Franklin was an undisputed leader of the Revolution. Other patriots relied on him for advice about government, politics, propaganda, and law. George Washington even consulted him for military advice. Franklin was most important, however, as a diplomat. Without France's aid, America could never have won the war. Without Franklin's charm and talent, the French may not have given this aid. The French ministers were impressed by his intelligence and sophistication, his reputation as a scientist and man of letters, and his understanding of British and French politics. He helped convince the French that Americans were serious about winning their independence and would stop at nothing short of it. Recognizing this, the French leaders saw a chance to hurt Britain by helping America.
While the French government respected Franklin, the French people loved him. He was a celebrity. The French delighted in Franklin's jokes and witticisms. French intellectuals, steeped in the philosophy of Jean-Jacques Rousseau, saw Franklin as a sort of noble savage. Rousseau had written about a "state of nature" in which all humans were equal and free. In Rousseau's philosophy, the institutions of society had created inequality and hierarchy. Though Rousseau thought of the "state of nature" as hypothetical rather than historical, many his admirers believed that it was real. They sometimes equated it with America. Dressing and speaking like a backwoods farmer, yet full of wisdom and intelligence, Franklin seemed to be from this "state of nature."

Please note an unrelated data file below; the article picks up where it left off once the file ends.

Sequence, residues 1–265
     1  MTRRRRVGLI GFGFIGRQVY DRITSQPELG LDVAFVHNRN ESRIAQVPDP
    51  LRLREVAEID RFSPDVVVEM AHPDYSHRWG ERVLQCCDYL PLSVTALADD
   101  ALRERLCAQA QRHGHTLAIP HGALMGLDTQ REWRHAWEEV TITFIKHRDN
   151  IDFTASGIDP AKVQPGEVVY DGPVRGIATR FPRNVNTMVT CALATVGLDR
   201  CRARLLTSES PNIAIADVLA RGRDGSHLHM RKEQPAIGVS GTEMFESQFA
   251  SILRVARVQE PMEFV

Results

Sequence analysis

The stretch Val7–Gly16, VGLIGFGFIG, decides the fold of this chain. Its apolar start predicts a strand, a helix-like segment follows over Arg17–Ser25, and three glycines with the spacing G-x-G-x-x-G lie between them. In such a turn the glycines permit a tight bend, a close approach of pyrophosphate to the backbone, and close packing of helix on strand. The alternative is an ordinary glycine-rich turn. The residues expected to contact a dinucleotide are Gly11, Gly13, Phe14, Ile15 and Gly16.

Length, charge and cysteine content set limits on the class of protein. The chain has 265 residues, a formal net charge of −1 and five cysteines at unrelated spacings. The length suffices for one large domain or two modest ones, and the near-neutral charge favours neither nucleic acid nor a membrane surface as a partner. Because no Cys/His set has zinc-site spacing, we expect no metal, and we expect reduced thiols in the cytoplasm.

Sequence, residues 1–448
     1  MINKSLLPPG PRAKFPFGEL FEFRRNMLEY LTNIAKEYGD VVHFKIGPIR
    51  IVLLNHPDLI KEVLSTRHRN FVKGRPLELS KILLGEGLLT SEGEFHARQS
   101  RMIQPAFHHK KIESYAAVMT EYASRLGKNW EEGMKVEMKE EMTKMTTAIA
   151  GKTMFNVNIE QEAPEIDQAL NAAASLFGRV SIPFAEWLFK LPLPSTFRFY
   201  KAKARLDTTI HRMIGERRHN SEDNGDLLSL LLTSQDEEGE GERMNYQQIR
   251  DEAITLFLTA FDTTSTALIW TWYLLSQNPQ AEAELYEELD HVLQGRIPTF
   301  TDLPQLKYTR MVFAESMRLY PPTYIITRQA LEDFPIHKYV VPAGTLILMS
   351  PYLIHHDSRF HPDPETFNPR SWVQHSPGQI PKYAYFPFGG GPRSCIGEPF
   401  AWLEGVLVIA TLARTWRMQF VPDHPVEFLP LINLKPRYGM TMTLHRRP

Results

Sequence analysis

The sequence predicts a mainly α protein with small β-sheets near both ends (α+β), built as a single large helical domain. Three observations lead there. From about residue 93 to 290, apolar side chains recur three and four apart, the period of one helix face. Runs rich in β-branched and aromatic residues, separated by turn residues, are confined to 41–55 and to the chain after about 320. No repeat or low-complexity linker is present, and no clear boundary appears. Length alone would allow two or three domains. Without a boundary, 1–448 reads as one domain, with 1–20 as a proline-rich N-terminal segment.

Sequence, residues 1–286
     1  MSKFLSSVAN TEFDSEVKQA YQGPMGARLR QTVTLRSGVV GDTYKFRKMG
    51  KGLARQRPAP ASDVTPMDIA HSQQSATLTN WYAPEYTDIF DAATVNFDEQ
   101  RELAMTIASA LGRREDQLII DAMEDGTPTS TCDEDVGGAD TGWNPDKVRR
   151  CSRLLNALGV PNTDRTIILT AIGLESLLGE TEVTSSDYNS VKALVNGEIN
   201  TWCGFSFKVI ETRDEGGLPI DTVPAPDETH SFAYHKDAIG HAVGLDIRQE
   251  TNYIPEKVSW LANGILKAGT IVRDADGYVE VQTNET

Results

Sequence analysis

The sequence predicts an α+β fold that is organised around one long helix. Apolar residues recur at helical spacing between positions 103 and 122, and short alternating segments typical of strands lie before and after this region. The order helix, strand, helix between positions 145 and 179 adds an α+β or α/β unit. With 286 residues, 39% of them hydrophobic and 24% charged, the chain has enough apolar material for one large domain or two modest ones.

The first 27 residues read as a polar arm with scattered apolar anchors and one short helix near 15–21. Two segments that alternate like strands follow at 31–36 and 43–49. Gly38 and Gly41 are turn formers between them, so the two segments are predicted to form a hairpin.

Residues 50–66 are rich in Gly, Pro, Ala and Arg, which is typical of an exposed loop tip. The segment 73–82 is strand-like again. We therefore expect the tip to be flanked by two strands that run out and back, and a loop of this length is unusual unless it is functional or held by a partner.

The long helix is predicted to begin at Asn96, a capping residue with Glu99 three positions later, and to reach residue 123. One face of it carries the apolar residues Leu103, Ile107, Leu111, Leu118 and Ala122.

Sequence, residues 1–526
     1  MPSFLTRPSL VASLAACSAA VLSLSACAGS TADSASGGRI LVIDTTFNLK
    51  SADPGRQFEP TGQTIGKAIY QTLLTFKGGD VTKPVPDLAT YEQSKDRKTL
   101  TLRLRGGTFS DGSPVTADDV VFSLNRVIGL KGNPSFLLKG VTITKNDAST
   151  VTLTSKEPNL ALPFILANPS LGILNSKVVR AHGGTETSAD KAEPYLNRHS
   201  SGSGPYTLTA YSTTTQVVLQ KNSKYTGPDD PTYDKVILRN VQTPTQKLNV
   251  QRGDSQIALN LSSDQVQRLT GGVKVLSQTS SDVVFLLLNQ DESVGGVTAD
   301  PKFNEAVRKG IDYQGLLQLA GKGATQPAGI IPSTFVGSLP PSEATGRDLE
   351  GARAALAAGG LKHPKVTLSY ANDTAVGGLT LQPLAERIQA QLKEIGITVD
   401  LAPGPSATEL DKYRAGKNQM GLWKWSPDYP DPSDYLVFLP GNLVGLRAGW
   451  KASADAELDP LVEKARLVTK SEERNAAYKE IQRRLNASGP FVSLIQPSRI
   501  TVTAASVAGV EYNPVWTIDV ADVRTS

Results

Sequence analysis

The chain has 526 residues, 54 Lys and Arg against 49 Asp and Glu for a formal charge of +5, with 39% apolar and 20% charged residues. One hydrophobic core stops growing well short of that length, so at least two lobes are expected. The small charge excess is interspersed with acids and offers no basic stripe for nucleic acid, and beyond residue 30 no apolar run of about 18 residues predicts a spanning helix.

Franklin's popularity was not limited to intellectuals, however. John Adams famously described the Franklin phenomenon. "His name," Adams wrote, "was familiar to government and people, to kings, courtiers, nobility, clergy, and philosophers, as well as plebeians, to such a degree that there was scarcely a peasant or a citizen, a valet de chambre, coachman or footman, a lady's chambermaid or a scullion in a kitchen, who was not familiar with it, and who did not consider him as a friend to human kind."
While nearly everyone loved Franklin in Paris, there was at least one person back in America who hated him: Franklin's own son, William. William had been appointed governor of New Jersey, probably at the request of his father. Franklin had raised William, helped his career, even tended to William's illegitimate son. He had begun his Autobiography as a letter to William, and had hoped William would follow in his footsteps. When the Revolution began, though, William took Britain's side. He remained a loyalist throughout the war, to Franklin's disappointment. After the war started, father and son were enemies; they would never make up.